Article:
polygon(sin(seq(-pi,pi,length=100))+1.5,cos(seq(-pi,pi,length=100)),density=60,angle=0,
col=rgb(0,0,255,max=255),fillOddEven=FALSE,border=NA)

The below compares the use of purple, average rgb and palette for the overlapping region. You can decide which one looks more natural and suit the purpose.

A<-data.frame(theta=seq(-pi,pi,length=100),
cbind(sin(seq(-pi,pi,length=100)),rev(sin(seq(-pi,pi,length=100))+1.5)))
A\$ind<-A\$X1-A\$X2
A<-A[which(A\$ind>0),]
A\$Y<-cos(A\$theta)

B<-data.frame(theta=seq(-pi,pi,length=100),
cbind(rev(sin(seq(-pi,pi,length=100))),sin(seq(-pi,pi,length=100))+1.5))
B\$ind<-B\$X1-B\$X2
B<-B[which(B\$ind>0),]
B\$Y<-cos(B\$theta)

par(mfrow=c(3,1))

plot(sin(seq(-pi,pi,length=100)),cos(seq(-pi,pi,length=100)),type="l",col="red",
xlim=c(-1,3),yaxt="n",xaxt="n",xlab="",ylab="",frame=FALSE,
main=paste("Shaded Region between Red and Blue Circles",
"with purple colour",sep="\n"),cex.main=1)
polygon(sin(seq(-pi,pi,length=100)),cos(seq(-pi,pi,length=100)),col="red",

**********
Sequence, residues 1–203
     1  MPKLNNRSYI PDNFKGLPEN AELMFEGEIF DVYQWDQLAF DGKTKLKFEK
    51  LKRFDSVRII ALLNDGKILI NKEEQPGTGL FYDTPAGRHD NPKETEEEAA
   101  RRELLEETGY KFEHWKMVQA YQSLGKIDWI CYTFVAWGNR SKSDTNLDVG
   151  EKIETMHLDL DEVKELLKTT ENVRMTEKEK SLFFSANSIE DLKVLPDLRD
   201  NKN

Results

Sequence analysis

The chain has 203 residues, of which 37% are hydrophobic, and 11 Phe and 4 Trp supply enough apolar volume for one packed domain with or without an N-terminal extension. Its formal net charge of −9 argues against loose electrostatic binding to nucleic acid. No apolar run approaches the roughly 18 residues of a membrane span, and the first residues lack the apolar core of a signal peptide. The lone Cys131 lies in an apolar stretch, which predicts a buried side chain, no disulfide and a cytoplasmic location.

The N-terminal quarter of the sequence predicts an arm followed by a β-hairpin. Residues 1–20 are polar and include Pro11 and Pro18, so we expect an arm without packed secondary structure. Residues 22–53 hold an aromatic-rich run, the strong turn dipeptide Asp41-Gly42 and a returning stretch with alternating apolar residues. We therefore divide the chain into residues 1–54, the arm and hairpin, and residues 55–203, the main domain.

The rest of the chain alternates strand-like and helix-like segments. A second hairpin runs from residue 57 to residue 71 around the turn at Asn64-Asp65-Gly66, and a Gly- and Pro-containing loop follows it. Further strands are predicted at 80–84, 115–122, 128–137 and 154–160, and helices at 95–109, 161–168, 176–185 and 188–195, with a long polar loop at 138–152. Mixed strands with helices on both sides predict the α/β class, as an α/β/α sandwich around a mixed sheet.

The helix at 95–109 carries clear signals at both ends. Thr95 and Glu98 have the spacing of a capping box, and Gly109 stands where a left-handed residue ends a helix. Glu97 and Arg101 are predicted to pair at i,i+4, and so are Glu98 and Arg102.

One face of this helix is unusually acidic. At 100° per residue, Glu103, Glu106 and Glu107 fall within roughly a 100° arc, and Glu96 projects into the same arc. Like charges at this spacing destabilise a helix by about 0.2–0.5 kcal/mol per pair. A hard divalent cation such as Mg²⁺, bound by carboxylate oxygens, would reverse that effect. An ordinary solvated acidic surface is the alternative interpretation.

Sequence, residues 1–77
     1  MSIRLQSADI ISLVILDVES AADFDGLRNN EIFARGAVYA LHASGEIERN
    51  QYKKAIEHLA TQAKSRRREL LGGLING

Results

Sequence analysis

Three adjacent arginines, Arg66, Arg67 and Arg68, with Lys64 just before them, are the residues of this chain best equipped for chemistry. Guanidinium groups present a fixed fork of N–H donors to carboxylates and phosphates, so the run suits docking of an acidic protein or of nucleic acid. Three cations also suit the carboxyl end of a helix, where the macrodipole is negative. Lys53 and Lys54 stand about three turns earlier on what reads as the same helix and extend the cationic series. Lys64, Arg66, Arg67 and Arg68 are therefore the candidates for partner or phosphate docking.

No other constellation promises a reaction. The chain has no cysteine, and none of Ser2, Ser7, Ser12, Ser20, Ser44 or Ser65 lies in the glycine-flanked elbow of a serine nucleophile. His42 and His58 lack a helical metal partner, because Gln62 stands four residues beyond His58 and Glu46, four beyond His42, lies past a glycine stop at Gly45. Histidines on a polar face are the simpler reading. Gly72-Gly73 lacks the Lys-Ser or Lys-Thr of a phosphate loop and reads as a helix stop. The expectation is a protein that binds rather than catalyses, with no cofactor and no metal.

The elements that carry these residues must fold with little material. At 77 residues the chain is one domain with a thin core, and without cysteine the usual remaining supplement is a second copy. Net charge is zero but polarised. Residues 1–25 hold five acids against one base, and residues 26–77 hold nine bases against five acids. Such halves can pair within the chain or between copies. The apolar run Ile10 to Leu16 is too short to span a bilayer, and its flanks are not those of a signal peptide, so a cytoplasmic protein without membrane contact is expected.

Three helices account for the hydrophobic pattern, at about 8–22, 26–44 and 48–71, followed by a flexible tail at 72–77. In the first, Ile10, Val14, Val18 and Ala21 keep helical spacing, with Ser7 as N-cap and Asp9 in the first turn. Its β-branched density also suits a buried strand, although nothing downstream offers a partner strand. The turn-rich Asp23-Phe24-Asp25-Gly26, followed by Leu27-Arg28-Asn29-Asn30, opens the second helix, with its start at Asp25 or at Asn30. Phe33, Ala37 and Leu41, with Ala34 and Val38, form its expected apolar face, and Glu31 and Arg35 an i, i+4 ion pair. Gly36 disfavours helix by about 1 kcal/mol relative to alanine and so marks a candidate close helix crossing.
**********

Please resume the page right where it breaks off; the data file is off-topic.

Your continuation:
fillOddEven=FALSE,border=NA)
lines(sin(seq(-pi,pi,length=100))+1.5,cos(seq(-pi,pi,length=100)),type="l",col="blue")
polygon(sin(seq(-pi,pi,length=100))+1.5,cos(seq(-pi,pi,length=100)),col="blue",
fillOddEven=FALSE,border=NA)
polygon(c(A\$X1,B\$X2),c(A\$Y,B\$Y),col="purple",border="purple")

plot(sin(seq(-pi,pi,length=100)),cos(seq(-pi,pi,length=100)),type="l",col="red",
xlim=c(-1,3),yaxt="n",xaxt="n",xlab="",ylab="",frame=FALSE,
main=paste("Shaded Region between Red and Blue Circles",
"with average rgb of red and blue",sep="\n"),cex.main=1)
polygon(sin(seq(-pi,pi,length=100)),cos(seq(-pi,pi,length=100)),col="red",
fillOddEven=FALSE,border=NA)
lines(sin(seq(-pi,pi,length=100))+1.5,cos(seq(-pi,pi,length=100)),type="l",col="blue")
polygon(sin(seq(-pi,pi,length=100))+1.5,cos(seq(-pi,pi,length=100)),col="blue",
fillOddEven=FALSE,border=NA)
polygon(c(A\$X1,B\$X2),c(A\$Y,B\$Y),col=rgb(p[1],p[2],p[3],max=255),
border=rgb(p[1],p[2],p[3],max=255))

plot(sin(seq(-pi,pi,length=100)),cos(seq(-pi,pi,length=100)),type="l",col="red",
xlim=c(-1,3),yaxt="n",xaxt="n",xlab="",ylab="",frame=FALSE,
main=paste("Shaded Region between Red and Blue Circles",
polygon(sin(seq(-pi,pi,length=100)),cos(seq(-pi,pi,length=100)),col="red",
fillOddEven=FALSE,border=NA)
lines(sin(seq(-pi,pi,length=100))+1.5,cos(seq(-pi,pi,length=100)),type="l",col="blue")
polygon(sin(seq(-pi,pi,length=100))+1.5,cos(seq(-pi,pi,length=100)),col="blue",
fillOddEven=FALSE,border=NA)
polygon(c(A\$X1,B\$X2),c(A\$Y,B\$Y),col=COL2[50],border=COL2[50])